There are some really touching parts of the story, like Livy Two’s dedication to finding something to help her younger sister Gentle function as normal without her sight. When Livy’s older brother Emmet leaves the family, we are drawn in to her heartbreak. When Grandma Horace arrives to help the family out of despair, the reader can genuinely feel the tension between family members.  And, when Livy’s father is desperately hanging onto life, I could identify with her fears and emotional state. 

I’m not sorry I took the time to read the book, but I wish that the writer would give us something a little more original to ponder.

GUEST REVIEW: The Night Strangers by Chris Bohjalian

We have a new guest reviewer! Mary W. is a BCPL employee and an avid fan of  “weird” books, or so she once told me. For her first review, she is taking on the latest novel by Chris Bohjalian, who is probably best known for Midwives (a former Oprah Book Club pick). Another of his novels, Double Bind, had a Great Gatsby connection, and this one seems to be somewhat influenced by The Turn of the Screw. I’ve been meaning to try Bohjalian for ages, and I actually gave The Night Strangers a try (in audio format), but I had to give up because I found the reader’s delivery to be wooden and unlistenable. But based on Mary’s reaction and other reviews I’ve read—from Justin Cronin, author of The Passage: “The first chapter of Chris Bohjalian’s The Night Strangers is so riveting, I dropped the book in the tub.”—I definitely need to seek out a print copy ASAP.   —Tracy

Mary’s Rating: 4/5 Stars
Genres: Psychological Suspense/Horror
Audience: Adult

 First Line: “The door was presumed to have been the entry to a coal chute, a perfectly reasonable assumption since a small hillock of damp coal sat moldering before it.”

Mary’s Guest Review & Summary:
The book starts with a small jet taking off from an airport and running into a flock of birds, which destroy the engines, and the pilot must land in a lake. He hopes to make a safe landing but instead the plan flips end-over-end and 39 passengers are killed. As a result of this, he can’t fly anymore and his family decide to move to a small community in hopes he will heal from his nightmares. They move into a house with a door in the basement that has 39 large screws placed around it so it cannot be opened. He decides to open it anyway.

Time to change subjects. He is married to a nice lady and has twins who are not quite teens yet. The teens don’t care for the new place and one is hearing voices in the night. The people who are their neighbors are herbalists and have lots of greenhouses everywhere. Sort of like a cult.

This book has a lot of twists and turns and sometimes I got lost at first but it gets more and more interesting as it goes on. If you like books about ghosts, witches, and weirdo people, this book will be a good read for you. I can only say one word about the ending of the book! ASTONISHING! I didn’t see the ending coming. The epilogue stood me on my head!! This book is not for the faint of heart.

GUEST REVIEW: How to Ruin Your Boyfriend’s Reputation by Simone Elkeles

Allison, our teen and adult programmer here at BCPL, is back with another guest review! This time, she’s taking on one of Simone Elkeles’s How to Ruin titles. I loved the first book in Elkeles’s Perfect Chemistry trilogy (for me, the second two were disappointing) and enjoyed both of the Paradise books, so it looks like I have yet another series to add to my ever-growing TBR list.  –Tracy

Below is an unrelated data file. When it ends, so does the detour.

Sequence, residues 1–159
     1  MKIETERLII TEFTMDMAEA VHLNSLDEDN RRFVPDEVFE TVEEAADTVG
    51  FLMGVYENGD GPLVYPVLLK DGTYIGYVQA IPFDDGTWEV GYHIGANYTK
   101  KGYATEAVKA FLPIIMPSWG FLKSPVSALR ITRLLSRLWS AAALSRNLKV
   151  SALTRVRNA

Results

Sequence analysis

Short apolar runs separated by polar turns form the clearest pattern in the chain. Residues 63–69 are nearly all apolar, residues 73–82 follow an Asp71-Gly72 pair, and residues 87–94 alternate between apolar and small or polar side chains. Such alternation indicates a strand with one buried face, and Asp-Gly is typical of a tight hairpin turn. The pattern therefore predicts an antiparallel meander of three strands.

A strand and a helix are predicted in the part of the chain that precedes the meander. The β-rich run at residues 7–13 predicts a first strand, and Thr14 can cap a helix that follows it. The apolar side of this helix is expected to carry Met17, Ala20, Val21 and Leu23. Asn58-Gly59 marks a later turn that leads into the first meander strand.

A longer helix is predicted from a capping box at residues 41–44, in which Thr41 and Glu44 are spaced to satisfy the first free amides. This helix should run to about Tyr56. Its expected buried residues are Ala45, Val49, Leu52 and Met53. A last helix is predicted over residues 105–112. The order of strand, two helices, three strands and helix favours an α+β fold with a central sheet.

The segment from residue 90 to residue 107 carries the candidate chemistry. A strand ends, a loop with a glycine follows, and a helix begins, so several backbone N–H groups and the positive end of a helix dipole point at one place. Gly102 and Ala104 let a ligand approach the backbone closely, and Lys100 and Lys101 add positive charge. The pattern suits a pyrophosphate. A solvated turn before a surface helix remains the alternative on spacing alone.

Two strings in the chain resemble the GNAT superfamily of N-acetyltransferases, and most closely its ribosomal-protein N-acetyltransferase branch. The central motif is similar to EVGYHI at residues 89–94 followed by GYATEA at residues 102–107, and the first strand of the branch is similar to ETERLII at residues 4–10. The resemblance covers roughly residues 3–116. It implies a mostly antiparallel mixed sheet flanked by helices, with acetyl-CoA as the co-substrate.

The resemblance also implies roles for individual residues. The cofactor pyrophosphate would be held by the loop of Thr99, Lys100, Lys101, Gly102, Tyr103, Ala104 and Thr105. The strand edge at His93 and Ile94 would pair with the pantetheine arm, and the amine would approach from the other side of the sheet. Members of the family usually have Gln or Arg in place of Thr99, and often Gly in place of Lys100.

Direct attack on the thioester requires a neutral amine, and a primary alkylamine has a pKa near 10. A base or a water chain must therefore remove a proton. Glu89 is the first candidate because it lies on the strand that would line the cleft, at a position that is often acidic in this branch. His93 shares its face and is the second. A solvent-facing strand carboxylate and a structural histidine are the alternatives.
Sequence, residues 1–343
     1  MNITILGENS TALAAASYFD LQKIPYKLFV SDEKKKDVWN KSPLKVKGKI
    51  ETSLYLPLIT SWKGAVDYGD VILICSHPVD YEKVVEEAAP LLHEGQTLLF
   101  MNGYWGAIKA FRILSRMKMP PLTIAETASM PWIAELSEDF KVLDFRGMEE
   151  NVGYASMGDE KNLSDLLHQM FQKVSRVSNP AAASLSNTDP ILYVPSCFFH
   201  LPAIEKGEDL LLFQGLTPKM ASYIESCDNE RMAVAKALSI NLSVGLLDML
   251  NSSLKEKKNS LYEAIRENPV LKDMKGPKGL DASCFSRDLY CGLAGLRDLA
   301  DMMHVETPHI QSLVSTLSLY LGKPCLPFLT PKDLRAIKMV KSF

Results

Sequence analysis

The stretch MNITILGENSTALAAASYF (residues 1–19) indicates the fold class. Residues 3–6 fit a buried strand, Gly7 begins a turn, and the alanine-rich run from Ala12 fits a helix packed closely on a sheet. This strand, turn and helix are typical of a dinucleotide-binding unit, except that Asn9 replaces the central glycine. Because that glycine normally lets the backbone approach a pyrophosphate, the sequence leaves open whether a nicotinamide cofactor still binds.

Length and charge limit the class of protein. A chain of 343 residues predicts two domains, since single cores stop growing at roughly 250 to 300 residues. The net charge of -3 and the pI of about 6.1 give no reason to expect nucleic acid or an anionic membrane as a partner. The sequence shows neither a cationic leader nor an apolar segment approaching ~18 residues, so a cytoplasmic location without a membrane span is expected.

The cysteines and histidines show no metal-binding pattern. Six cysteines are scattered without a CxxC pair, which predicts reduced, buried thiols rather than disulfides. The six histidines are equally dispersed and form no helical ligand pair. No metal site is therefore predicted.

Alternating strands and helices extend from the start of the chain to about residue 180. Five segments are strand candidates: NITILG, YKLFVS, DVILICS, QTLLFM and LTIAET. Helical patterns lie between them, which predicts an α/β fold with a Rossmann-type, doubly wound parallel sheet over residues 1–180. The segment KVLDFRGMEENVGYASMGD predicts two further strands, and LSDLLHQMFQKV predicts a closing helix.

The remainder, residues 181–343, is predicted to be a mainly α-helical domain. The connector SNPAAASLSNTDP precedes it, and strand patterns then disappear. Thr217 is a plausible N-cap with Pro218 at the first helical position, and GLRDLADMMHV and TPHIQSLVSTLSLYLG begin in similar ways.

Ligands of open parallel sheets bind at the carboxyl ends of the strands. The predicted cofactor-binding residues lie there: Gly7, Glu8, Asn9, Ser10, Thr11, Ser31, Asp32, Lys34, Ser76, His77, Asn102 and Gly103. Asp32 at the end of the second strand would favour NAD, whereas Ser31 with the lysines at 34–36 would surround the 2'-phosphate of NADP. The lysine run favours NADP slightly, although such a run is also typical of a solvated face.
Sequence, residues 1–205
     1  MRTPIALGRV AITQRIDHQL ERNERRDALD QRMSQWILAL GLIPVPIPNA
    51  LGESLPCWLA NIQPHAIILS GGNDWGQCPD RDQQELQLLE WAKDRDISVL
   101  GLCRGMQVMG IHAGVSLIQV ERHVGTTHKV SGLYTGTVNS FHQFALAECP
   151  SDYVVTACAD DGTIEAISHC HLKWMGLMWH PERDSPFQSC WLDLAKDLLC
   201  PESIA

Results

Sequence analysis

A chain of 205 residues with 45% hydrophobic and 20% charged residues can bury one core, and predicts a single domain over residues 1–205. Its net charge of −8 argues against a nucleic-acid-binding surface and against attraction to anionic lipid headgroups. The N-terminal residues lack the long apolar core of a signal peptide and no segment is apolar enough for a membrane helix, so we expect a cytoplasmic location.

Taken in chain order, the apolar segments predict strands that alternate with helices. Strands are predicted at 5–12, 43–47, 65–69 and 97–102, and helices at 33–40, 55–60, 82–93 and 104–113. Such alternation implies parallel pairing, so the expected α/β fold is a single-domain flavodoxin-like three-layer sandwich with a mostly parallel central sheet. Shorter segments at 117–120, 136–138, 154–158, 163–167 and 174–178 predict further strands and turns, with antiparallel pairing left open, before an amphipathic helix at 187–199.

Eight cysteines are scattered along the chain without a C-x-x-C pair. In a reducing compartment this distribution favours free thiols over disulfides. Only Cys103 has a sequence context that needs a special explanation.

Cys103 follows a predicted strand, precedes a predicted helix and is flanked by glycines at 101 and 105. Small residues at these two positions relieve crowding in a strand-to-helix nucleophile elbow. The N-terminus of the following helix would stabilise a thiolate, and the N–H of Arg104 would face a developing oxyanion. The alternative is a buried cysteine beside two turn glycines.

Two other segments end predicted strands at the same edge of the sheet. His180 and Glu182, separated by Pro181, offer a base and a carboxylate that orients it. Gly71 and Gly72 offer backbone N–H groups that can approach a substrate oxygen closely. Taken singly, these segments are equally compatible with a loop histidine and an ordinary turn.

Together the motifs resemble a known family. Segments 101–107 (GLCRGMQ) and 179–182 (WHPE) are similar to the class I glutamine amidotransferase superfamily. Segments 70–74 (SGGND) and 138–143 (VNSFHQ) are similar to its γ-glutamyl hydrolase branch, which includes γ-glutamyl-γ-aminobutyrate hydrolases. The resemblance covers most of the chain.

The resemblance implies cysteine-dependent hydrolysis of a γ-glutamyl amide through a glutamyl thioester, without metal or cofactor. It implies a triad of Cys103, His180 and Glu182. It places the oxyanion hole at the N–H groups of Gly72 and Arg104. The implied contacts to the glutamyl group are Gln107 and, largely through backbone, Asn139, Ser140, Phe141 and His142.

Rating: 4/5 Stars
Genre: Realistic Fiction/Chick Lit
Series: How to Ruin #3
Audience: Young Adult/Teen
Summary: Signing up
for an overseas summer boot camp program where her hot and sexy boyfriend Avi
is stationed might not have been Amy’s greatest idea—especially when she finds
out that Avi is keeping a secret that could tear their relationship apart.
Allison’s Guest Review: 
Only in the last year have I become acquainted with
the writings of Simone Elkeles. This book
is true to her form in that she finds a way to bring the reader a tale of a
teenage girl coming into her own. Amy is
a well-developed character, and the reader is given early insight into her
inner turmoil. She is a confident,
strong, and determined young lady who decides to attend a summer boot camp in
order to see her boyfriend, Avi.  Amy
thinks that she will spend time with Avi when she gets there, only to find out
that her expectations are false. She is
forced to get dirty, which is not on her list of favorite things to do. Through Elkeles use of bits of humor, we are
able to watch as Amy faces and ultimately conquers her struggles-and see her
emerge as a different person.
Well-written, excellent plot development, great
storyline.  What more could you ask for?

DUAL/GUEST REVIEW: You Know When the Men Are Gone by Siobhan Fallon

We’ve got another guest review! Donna is a regular library patron and a second time guest reviewer for Book News & Reviews. She previously contributed a review of Home at Last by Bonnie Leon. This time around, Donna chose to review one of my absolute favorite reads of 2011, so I am also posting my mini-review from the last BCPL Recommended Reading List

Donna’s Rating: 4/5 Stars
Tracy’s Rating: 4.5/5 Stars

Genre: Short Stories/Realistic Fiction
Audience: Adult

Donna’s Summary & Review:
I really enjoyed this book. It was another book that I could not put down once I started reading it. The novel is set in Ft. Hood, Texas. These are lives lived on the military base, a world all its own, complete with its own stores, movie theaters, even its own laws. The missing husbands are living on the other side of the world, deployed to wherever the government says they are needed.It actually is a collection of short stories, mostly written from the deployed soldiers’ wives’ point of view. There is one story at the end that is actually written from the soldier’s point of view.